Friday, February 11, 2005

Da Vinci, Cold

It's been a while since our DVC post, so we thought we'd add our review of the book. We didn't want to leave the reader with the impression that the book was a fascism fest. It's is a pretty formulaic page turner, a fun quick read. Written at about the level of the average Nancy Drew mystery, it is best appreciated at that level. As far as the content, there are howlers on virtually every page (starting with the hero who looks like "Harrison Ford in Harris tweed" and is a "Professor of Religious Symbology at Harvard" -- good work if you can find it). You have to ignore very pulpy, cheesy writing to enjoy this romantic thriller.

Intended as a book that a dedicated reader could finish in a day, or something you take to the beach and casually finish in a weekend, "The Da Vinci Code" makes for a reasonable airline novel, so much so that it is often a bit clunky in its desire to ensure that no intellectual effort on the reader's part will be required. Here's a recurring example in this novel: a bit of unfamiliar terminology, say "crux gemmata" (jeweled cross) will will be explained, then one page later a character will finger his jeweled cross and explain, "Oh, yes -- this is a crux gemmata." We've read dinner menus that were more demanding on the reader. Sharing the book with Mrs. Thumos, we both read about a third of it in a day, sharing the same copy, and that's a full work day plus taking care of kids, bedtime, etc. That's also a kind of virtue, we guess -- it's fast and peppy.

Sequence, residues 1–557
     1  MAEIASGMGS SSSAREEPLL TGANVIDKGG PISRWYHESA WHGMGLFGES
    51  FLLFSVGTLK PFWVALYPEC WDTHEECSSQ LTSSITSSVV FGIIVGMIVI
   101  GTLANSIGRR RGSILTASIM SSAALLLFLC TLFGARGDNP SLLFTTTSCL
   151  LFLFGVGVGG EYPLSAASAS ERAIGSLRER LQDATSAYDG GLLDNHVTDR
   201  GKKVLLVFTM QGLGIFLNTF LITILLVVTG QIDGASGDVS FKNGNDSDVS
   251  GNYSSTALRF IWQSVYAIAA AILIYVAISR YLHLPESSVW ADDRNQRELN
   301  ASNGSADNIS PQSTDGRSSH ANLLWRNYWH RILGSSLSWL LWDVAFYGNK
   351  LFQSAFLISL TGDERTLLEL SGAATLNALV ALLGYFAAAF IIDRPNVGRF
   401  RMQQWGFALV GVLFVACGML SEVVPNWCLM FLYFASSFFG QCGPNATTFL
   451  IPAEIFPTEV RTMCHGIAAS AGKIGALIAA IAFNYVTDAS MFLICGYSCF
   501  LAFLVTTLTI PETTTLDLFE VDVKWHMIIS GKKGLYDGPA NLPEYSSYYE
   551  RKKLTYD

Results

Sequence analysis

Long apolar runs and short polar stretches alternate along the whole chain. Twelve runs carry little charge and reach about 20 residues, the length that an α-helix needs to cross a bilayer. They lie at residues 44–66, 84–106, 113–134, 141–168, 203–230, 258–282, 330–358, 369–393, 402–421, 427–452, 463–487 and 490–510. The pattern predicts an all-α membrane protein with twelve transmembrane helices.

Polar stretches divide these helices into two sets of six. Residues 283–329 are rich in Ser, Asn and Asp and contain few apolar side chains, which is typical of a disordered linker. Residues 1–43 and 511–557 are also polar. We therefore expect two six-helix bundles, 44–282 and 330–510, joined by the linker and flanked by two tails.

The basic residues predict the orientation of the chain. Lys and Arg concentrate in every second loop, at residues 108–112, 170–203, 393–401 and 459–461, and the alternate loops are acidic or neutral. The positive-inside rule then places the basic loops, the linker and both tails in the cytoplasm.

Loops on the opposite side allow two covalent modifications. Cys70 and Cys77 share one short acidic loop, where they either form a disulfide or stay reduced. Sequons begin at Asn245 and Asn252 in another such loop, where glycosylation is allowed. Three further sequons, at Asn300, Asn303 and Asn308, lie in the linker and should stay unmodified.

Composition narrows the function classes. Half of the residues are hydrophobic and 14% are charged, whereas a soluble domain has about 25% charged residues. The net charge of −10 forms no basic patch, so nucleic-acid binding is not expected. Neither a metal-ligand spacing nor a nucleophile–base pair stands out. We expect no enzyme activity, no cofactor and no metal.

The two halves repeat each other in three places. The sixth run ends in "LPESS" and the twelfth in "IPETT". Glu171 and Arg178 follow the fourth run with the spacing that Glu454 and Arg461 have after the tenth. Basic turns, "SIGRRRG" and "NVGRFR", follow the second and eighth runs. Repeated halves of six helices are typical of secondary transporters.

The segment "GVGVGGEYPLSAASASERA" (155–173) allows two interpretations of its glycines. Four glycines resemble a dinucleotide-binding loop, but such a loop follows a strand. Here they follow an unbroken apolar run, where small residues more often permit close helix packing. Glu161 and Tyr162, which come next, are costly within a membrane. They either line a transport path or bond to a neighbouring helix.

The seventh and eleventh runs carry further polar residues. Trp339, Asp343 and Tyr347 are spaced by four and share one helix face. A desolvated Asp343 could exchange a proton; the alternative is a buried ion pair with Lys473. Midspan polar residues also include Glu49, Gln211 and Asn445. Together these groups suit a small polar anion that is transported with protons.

As far as history goes, Dan Brown apparently thinks that "most historians" give credence to the forgeries and frauds promoted in hoary best-sellers like "Holy Blood, Holy Grail." This author gets the best of both worlds: simultaneously claiming that "it's just fiction," while introducing the novel with claims that the historical record contained within is "fact." That claim is ridiculous. To pluck a random example, he spends some time talking about the Council of Nicaea, and incorrectly summarizes it as the origin of the doctrine of Christ's divinity by Constantine. He ignores the Arian controversy out of which it arose, which is like trying to explain the Treaty of Versailles without mentioning World War I. He ignores the documented fact, agreed upon even by the cheerleaders of the gnostics that he is sympathetic to, that the earliest gnostic doctrines held that Christ was *purely* God, and not really man -- the very reverse of the doctrine that serves as the lynchpin of his novel's intellectual base (such as it is). This is a bad novel for weak or misinformed Christians, but anyone familiar with history should spot the train wreck of Brown's ideas a mile off.

Oh yes, and in Brown's world, Opus Dei has shadowy assassin "monks" (in real life, Opus Dei is not a monastic order -- there are no Opus Dei monks, let alone trained assassins), and the Catholic Church has been promulgating known lies as its central dogmas, promotes violence throughout the world, and has been retarding the progress of science and knowledge for 2 millennia. Brown leaves the reader with the impression that this, too, is a matter of settled historical record. Oh, but then again, it's just fiction. Except when it's not.

In general, if you're looking for a heady thriller wrapped around Christian arcana, We'd recommend Umberto Eco's excellent "Name of the Rose," not this dumbed down, by-the-numbers novel.
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